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I have tried stock price as control variate for my monte carlo simulation, and I am trying to reduce the variance of my estimated price for European Put option. And the code look like this:

path <- function(rho,T, S0, r, kappa, theta,xi,v0, Maturity ) { 
  
  dt = Maturity / T
  COV <- matrix(c(1,rho,rho,1), nrow = 2,ncol = 2)
  W <- rmvnorm(T, , COV)
  W_v <- W[,1]
  W_s <- W[,2]
  
  Vt <- rep(0,T)
  Vt[1] <- v0
  St <- rep(0,T)
  St[1] <- S0
  
  for (i in 2:T){
    Vt[i] <- Vt[i-1] + kappa* (theta - Vt[i-1])*dt + xi* sqrt(Vt[i-1]) * W_v[i-1] * sqrt(dt)
    St[i] <- St[i-1]*exp((r-0.5*Vt[i-1]) *dt + sqrt(dt*Vt[i-1]) * W_s[i-1])
    
  }
  St
}
set.seed(214)
N<-2500
Stm <- replicate(100000, path(0.5,N,45,-0.02,10,0.09,0.2,0.09,2))
payoff <- pmax (40 - Stm[N,], 0 ) *exp(-0.02 * 2)
Hest_MC1 <- mean(payoff)
S_aver <- mean(Stm[N,])

ST <- 45* exp(-0.02 *2 )

hest_mc <- Hest_MC1 + -reg$coefficients[[2]]*(S_aver - ST)
hest_mc
reg <- lm(payoff~Stm[N,])

reg$coefficients


sd_old <- sqrt(var(payoff)/length(payoff))
sd_reduced <- sqrt(var(payoff)/length(payoff) + reg$coefficients[[2]]^2 *var(Stm[N,])/length(Stm[N,])
                         + 2*( -reg$coefficients[[2]] )*cov(Stm[N,],payoff)/length(payoff))
# result
        sd_old sd_reduced
[1,] 0.06926151 0.04898853

As you can see, the result only improved marginally after 100,000 Simulation. Do anyone has any Idea how to continue improve on this? I did try the European Put (plain) as control variate, however, the payoff is very weakly correlated with the payoff of the option I tried to reduce variance on.

Any comment would be appreciated.

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1 Answer 1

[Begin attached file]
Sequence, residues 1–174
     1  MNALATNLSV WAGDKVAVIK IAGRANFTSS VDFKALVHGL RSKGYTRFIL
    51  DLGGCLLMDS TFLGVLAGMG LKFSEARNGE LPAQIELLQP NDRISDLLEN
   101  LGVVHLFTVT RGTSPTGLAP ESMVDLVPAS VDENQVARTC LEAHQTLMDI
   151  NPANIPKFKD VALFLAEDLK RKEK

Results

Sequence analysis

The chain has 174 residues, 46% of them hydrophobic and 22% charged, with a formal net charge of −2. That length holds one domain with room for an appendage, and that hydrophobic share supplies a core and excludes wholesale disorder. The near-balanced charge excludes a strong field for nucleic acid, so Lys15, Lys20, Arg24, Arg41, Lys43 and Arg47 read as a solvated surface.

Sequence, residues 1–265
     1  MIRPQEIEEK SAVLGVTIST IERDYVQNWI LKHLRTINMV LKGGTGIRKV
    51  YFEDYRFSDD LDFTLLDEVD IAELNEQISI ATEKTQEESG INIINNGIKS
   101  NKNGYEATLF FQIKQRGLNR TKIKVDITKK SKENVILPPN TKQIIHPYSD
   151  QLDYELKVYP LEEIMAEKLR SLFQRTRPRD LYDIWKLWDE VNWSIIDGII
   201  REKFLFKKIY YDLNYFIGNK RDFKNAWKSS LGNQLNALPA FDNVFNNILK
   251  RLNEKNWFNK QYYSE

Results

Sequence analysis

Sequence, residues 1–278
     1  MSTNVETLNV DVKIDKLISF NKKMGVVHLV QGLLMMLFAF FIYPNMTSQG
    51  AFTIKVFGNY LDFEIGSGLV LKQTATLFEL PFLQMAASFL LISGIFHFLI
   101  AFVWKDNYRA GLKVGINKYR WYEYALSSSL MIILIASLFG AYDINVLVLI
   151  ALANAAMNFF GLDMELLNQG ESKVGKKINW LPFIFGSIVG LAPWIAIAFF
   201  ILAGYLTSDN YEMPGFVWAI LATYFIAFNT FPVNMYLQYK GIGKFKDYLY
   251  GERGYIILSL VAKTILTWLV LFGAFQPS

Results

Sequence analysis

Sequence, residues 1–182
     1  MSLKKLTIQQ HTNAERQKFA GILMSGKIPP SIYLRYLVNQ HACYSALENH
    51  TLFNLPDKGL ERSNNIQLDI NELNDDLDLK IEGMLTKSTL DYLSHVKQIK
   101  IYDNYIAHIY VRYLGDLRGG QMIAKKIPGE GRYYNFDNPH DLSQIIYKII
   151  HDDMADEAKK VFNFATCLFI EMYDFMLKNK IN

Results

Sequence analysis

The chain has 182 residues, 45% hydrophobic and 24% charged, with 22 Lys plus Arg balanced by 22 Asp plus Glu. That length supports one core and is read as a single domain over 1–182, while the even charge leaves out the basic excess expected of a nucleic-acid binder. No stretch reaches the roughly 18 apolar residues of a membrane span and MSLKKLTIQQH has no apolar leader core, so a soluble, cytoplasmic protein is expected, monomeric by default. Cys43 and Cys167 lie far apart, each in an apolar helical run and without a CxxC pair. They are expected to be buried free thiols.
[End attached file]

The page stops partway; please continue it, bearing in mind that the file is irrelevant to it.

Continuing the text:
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Try a discretized form of the $Put Delta*Stock increment$, since the injection of this term should produce ideally (in the limit case) a 0 variance variable, namely the risk free drift.

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  • $\begingroup$ Hi, Thanks for the comment, I think I have seem this method before, are you referring to the method described in this Notes, i,e adding a delta-heding term. math.kent.edu/~oana/math60093/10lecture7.pdf. $\endgroup$
    – Lin Lex
    Dec 24, 2020 at 1:54
  • $\begingroup$ And I used Heston model to model my stock prices, therefore delta is somewhat difficult to compute analytically, I mean it does not have a nice espression like in Black-Scholes case. Do I just use (P_t+1 - P_t)/(S_t+1 - S_t) as an apporximation for my Put Delta? $\endgroup$
    – Lin Lex
    Dec 24, 2020 at 2:12
  • $\begingroup$ @LinLex yes that is what I am referring to. And to answer your second question, yes, this is called finding the derivative by first differencing. Bump the stock price by 1% and calculate the sensitivity. $\endgroup$
    – Arshdeep
    Dec 24, 2020 at 18:33
  • $\begingroup$ @LinLex to be precise, you need $P(S+dS,t)-P(S,t)/dS$ for delta at time instance $t$. $\endgroup$
    – Arshdeep
    Dec 24, 2020 at 18:50

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